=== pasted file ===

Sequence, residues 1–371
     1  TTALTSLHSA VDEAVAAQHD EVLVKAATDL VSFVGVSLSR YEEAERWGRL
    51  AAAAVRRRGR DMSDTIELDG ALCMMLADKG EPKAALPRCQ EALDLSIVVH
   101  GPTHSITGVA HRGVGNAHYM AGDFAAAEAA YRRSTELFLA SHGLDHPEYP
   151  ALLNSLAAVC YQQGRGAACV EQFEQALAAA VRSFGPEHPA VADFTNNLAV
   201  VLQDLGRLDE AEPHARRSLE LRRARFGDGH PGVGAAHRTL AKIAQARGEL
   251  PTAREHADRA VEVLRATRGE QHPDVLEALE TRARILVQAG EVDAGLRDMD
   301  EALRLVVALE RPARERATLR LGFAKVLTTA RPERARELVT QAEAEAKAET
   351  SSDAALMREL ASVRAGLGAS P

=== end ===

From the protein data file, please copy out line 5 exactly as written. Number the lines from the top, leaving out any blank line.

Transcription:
   151  ALLNSLAAVC YQQGRGAACV EQFEQALAAA VRSFGPEHPA VADFTNNLAV